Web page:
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Old May 8th 2013, 08:53 PM   #1
 
  Apr 2009
  TN
THANKS to: Laurie Seale for sending this information so I could post it for the industry.



United States Department of Agriculture

Animal and Plant Health Inspection Service

Veterinary Services



Chronic Wasting Disease

Program Standards



July 2012



Table of Contents



Introduction



Definitions



Part A. Herd Certification Program



(1) Administrative Procedures

(1.1) Supervision

(1.2) Entering Premises

(1.3) Providing Services

(1.4) Reporting Activities

(1.5) Designated Epidemiologist

(1.6) Designated CWD HCP Coordinator

(1.7) Review of Approved State HCP Progress

(1.8) Selection of States for Approved State HCP Review

(1.9) Approved State Review Report



(2) Participation

(2.1) Approving Existing State CWD Herd Certification Programs

(2.2) Provisional Approval

(2.3) Participating Approved State: Requirements

(2.4) Participating Herd: Requirements for Enrollment

(2.5) Herd Owner Enrollment and Advancement

(2.6) Additions of Animals or Genetic Material (Germplasm) to a Herd: Effects on Status

(2.7) Inspections and Inventories

(2.8) Loss of Certification Status

(2.9) Relocation of Herd

(2.10) Cancellation of Participation



(3) Registration, Identification, and Recordkeeping

(3.1) Premises ID

(3.2) Animal Identification

(3.3) Herd Inventory – Records

(3.4) National Herd Inventory Electronic Record Keeping

(3.5) Data Security in the Electronic National CWD Database (PENDING)



(4) Fencing Requirements



(5) Surveillance and Sampling

(5.1) Reportable Disease

(5.2) CWD-Suspect Animals

(5.3) On-Farm Surveillance

(5.4) Shooter Animal Surveillance

(5.5) Slaughter Surveillance

(5.6) Sample Collection: Owner Responsibility

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Old May 8th 2013, 08:54 PM   #2
 
  Apr 2009
  TN
(5.7) Collection and Submission Procedures

(5.8) Quality Control

(5.9) Consequences of Poor Quality and Missing Samples



(6) Diagnostics

(6.1) Testing Authority and Approved Laboratory

(6.2) Official CWD Test

(6.3) Confirmatory Testing

(6.4) Test Results

(6.5) Autolyzed Samples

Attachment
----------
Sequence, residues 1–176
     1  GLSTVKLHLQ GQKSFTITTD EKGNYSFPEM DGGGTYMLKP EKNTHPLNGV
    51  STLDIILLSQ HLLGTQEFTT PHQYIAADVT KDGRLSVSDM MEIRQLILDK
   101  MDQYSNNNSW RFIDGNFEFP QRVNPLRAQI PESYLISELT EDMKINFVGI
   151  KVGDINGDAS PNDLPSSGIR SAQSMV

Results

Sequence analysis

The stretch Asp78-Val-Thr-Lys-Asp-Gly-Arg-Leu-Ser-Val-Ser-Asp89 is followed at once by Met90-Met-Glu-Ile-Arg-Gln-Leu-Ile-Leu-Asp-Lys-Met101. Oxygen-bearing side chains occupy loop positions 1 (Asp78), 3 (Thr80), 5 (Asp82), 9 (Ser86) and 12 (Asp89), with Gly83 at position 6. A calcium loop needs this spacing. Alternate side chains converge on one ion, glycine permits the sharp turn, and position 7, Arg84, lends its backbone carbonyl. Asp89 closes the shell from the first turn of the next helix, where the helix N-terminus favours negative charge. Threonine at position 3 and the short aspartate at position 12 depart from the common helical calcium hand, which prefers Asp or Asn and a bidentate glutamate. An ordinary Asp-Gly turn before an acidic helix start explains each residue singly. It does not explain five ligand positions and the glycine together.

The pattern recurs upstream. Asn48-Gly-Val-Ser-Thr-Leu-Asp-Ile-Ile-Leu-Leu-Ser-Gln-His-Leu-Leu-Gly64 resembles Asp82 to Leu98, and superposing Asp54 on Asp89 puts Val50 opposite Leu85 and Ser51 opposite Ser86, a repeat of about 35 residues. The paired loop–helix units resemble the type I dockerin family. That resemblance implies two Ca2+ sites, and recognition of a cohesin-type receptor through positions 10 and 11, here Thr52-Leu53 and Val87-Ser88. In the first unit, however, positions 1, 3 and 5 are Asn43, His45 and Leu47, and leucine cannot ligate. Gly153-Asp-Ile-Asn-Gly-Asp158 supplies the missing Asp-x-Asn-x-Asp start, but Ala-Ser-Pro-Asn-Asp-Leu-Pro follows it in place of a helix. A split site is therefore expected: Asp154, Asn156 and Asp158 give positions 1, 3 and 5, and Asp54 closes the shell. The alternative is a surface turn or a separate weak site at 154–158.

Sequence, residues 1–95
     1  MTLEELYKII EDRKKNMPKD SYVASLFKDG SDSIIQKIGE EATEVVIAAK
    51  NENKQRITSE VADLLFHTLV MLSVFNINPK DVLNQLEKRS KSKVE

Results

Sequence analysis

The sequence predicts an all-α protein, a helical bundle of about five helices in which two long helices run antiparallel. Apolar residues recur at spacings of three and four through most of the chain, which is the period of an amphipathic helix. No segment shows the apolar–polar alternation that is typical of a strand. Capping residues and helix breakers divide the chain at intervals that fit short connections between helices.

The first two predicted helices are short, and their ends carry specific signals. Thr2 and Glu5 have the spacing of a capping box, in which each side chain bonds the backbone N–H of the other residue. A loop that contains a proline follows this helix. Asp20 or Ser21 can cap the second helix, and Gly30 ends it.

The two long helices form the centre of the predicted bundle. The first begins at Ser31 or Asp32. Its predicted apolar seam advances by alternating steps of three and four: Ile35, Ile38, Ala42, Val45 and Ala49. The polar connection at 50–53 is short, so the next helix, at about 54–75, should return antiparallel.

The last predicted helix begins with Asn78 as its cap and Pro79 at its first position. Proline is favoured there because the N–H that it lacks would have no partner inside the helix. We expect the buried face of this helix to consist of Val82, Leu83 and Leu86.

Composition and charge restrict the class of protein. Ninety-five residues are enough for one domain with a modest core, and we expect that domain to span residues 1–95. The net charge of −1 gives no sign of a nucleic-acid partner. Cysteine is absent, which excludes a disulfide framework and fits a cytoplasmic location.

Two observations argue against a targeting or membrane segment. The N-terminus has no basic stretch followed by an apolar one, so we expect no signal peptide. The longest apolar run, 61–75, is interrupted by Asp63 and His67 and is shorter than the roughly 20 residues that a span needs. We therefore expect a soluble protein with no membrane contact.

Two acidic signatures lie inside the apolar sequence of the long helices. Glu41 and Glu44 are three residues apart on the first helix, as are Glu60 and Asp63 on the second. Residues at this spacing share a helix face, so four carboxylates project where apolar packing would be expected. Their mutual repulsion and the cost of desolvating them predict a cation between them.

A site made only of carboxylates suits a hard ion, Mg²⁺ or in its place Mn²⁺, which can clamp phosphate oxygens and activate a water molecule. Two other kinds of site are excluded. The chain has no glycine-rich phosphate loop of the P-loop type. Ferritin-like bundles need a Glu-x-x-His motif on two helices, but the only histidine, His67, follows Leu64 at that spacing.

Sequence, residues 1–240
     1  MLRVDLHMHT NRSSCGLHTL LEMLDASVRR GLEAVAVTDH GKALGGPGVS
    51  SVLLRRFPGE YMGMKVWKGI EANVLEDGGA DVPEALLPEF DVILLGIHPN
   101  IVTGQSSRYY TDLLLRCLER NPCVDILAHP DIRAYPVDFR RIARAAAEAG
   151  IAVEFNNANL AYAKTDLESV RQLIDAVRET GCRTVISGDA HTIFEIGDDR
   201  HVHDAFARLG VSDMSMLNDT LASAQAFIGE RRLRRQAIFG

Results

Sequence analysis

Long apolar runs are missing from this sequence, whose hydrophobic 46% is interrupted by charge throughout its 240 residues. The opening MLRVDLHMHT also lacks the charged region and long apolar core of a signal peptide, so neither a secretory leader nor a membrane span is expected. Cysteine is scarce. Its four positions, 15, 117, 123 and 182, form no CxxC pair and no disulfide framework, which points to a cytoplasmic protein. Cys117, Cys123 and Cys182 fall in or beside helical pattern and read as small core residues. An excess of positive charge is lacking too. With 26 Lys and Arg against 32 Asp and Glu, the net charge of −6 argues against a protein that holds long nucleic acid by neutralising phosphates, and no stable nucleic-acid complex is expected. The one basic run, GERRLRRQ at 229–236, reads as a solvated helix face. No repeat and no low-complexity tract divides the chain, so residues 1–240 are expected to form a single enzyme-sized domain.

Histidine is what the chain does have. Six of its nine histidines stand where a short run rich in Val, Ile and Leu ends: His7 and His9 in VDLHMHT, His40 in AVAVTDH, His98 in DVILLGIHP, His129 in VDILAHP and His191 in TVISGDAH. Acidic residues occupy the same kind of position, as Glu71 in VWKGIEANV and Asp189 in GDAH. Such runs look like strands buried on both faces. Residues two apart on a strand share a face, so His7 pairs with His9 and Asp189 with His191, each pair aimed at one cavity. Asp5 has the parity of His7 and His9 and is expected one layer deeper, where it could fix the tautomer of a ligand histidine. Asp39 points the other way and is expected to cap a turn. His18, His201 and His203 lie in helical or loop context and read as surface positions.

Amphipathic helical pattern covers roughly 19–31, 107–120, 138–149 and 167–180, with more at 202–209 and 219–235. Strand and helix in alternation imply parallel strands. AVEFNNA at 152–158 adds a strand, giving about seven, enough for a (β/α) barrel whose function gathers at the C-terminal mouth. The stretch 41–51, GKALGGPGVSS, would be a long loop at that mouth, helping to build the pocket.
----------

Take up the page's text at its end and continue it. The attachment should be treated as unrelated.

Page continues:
(6.6) Reporting of Results



(7) National Reports

(7.1) Data Entry and Purpose

(7.2) Regularity

(7.3) Components of Report



(8) Interstate Movement

(8.1) Requirement for Interstate Movement

(8.2) Issuance of Certificates (CVI) for Interstate Movement

(8.3) Exemption for Interstate Movement



Part B. Guidance on Response to CWD-Affected Herds



(1) Herd Plan

(1.1) Herd Plan: CWD-Positive Herds

(1.2) Herd Plan: CWD Exposed Herds

(1.3) Quarantine 39

(1.4) Release from Quarantine

(1.5) Depopulation



(2) Carcass Disposal

(2.1) Suitable Disposal Methods

(3) Sanitary Precautions/Biosecurity

(4) Epidemiology

(4.1) Responsibility

(4.2) Investigation

(4.3) Trace-Back and Trace-Forward Notifications



Appendix I. Official Animal Identification



Appendix II. Fencing Requirements and References



Appendix III. Sample Collection



Appendix IV Guidelines on Environmental Contamination and Recommended Procedures for Disinfection and Decontamination



Appendix V. Carcass Disposal of Positive Animals or Animals of Unknown Status



Appendix VI. CWD Epidemiology Investigation and Report Template



Appendix VII. Links to Forms and Documents



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Old May 8th 2013, 08:55 PM   #3
 
  Apr 2009
  TN
Introduction The Program Standards provide detailed descriptions of methods for complying with the legal requirements in the regulations in 9 CFR parts 55 and 81. These methods are suggestions only and are not requirements. These methods have been approved by the APHIS Administrator to meet those requirements. By following the methods described in the Program Standards, participants in this voluntary program can achieve herd certification status.



These Program Standards will be reviewed at least annually by representatives of the cervid industry and appropriate State and Federal agencies. A notice may be published in the Federal Register to inform stakeholders of any revisions APHIS plans to the Program Standards. These Program Standards also may be amended in the future by replacing pages or by adding new pages with approval of all stakeholders.



Part A. Herd Certification Program. These Program Standards are the minimum standards optional guidelines adopted and approved by the Deputy Administrator, Veterinary Services (VS), Animal and Plant Health Inspection Service (APHIS), United States Department of Agriculture (USDA). They were established for three primary purposes:

1. To assist Federal and State agencies in maintaining CWD-certified herds of deer, elk, and moose (all Odocoileus spp. and Cervus spp. and their hybrids and Alces alces).

2. To provide guidance on procedures to certify herds as a low risk for CWD by remaining in continuous compliance with the CWD Herd Certification Program requirements found in 9 CFR Part 55.

3. To provide guidance on complying with the minimum requirements for interstate movement of cervids found in 9 CFR Part 81.



Enrollment and participation by cervid herd owners in the national CWD Herd Certification Program may only occur in states that permit cervid farming.